Beat the heat, heat the beat

I hope that this August heat is finding you well. Patrick turned to me the other night when I was complaining about the heat and said, “You know, it’s only going to get hotter.” And it’s true. In that moment, I thought about our kids struggling to find water and felt so helpless.

In my moments of despair, I try to think about our connections and how happy I am to know folks working on campaigns, like this one, and knocking on doors. I am happy that we have union people, Mothers Out Front people and affordable housing people. I hope that our candidates win in September because it helps me feel better to imagine a DA who cares about criminal justice reform and a representative who believes in mitigating climate change and fighting for health care. Please vote.

In other moments, I am excited to announce that I am involved with a new poetry review called The Lily Poetry Review. Please submit and if you do submit, let me know so that I can flag your submission. It’s in its infancy but from what I have seen so far, I am really excited for what it will contribute to the poetry world. It’s helmed by the inimitable Eileen Cleary, so know that your work will be lovingly and thoughtfully considered.

I am so happy in my MFA program. I met such a wonderful group of talented people with such different perspectives but all the same passion. Amazing how I could spend 9 days with people and feel like I have known them forever. My world grew so much.

I am currently trying to generate new work and read and read and read. I got back in touch with Marie Howe. I met Dorianne Laux, Kim Addonizio and Mary Oliver’s Poetry Handbook. My goodness – Oliver’s words are so important and reminds me how much I love language. And listen to this: “Remember, language is a living material, full of shadow and sudden moments of up-leap and endless nuance.”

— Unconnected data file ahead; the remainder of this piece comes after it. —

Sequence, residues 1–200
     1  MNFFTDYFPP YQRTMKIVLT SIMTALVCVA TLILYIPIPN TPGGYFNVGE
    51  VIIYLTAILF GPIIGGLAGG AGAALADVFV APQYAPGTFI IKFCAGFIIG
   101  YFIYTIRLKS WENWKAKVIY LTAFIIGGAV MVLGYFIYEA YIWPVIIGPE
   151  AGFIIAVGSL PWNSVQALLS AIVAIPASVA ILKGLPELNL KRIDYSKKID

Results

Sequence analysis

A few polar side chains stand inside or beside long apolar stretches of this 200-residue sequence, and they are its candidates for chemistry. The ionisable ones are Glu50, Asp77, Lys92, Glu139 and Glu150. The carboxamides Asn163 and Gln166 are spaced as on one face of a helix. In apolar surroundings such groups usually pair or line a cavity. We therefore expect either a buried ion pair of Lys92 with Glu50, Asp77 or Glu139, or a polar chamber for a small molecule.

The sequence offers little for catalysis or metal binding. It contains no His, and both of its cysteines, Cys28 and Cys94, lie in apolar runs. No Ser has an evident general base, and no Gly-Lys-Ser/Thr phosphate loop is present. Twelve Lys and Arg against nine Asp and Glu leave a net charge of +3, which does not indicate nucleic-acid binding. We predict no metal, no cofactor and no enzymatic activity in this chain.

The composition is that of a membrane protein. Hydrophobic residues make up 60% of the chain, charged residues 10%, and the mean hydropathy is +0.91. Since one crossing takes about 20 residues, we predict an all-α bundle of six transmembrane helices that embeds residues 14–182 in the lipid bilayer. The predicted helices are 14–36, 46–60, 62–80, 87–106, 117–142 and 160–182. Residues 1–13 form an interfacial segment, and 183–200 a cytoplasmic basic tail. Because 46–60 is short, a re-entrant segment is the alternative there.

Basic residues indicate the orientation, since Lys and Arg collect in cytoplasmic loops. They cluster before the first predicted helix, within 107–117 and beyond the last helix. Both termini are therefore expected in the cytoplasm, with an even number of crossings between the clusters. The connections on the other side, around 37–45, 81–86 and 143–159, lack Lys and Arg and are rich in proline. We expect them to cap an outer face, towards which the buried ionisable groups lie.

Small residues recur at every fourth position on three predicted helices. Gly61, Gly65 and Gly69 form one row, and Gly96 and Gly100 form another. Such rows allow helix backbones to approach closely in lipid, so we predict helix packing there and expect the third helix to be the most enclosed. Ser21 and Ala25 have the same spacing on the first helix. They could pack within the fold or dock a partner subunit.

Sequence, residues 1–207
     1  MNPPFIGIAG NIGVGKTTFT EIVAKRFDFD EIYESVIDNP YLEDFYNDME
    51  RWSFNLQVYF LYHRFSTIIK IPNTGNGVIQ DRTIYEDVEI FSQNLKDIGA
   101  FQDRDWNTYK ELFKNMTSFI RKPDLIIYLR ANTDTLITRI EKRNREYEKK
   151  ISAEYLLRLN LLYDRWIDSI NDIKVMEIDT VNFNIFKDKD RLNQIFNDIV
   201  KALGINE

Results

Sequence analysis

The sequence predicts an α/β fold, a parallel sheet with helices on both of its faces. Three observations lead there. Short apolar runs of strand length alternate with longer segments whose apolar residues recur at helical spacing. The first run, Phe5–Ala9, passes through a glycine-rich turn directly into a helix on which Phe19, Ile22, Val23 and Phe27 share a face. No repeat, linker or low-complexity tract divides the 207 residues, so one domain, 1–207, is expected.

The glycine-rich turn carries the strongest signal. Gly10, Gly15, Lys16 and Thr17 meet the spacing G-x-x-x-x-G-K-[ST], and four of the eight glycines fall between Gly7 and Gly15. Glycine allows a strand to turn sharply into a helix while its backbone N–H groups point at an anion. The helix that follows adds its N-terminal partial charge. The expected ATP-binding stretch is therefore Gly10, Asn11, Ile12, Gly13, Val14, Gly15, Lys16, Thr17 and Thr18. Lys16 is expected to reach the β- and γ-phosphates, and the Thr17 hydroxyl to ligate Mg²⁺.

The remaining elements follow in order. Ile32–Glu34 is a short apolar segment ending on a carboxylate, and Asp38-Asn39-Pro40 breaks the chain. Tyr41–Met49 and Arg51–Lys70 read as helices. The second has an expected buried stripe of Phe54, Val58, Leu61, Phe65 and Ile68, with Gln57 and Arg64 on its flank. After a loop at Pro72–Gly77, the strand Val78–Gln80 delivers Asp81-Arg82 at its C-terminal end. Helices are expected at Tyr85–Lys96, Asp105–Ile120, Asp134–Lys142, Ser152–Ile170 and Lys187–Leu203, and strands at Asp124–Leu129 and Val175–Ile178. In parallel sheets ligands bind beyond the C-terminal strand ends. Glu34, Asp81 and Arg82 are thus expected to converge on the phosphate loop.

In attempts to leave the house, I am determined to start writer field trips. Our first was to Edward Gorey’s house in Yarmouth Port, MA. It was like coming home. He loved cats, magnolia blossoms, drawing, cooking, and being with friends. He collected empty bottles, stones and shells.

According to a museum docent, some of his cremated remains were brought back to the house and given to friends to place him where they wanted. This museum docent pointed to the iron sculpture of The Doubtful Guest and said, “I put him in the shoe. Now he’s a part of that sculpture.”

Given the rich literary history of Massachusetts, we could visit Emily Dickinson, Walden Pond & Thoreau, Louisa May Alcott, hop over the NH line to meet Robert Frost. Let me know if you have any recommendations!

Another podcast recommendation: Ologies. For the science and curious nerds out there. I especially enjoyed the epidemiology and fearology episodes.

Before I go, I wanted to say I am so glad that I was able to take stock in my life and make conscious decisions about what I want to do. This is a privilege and I cherish it. I hope that I will take this knowledge and help others, because that’s the best way to pay it forward.

Hold onto your hats, it’s almost September!

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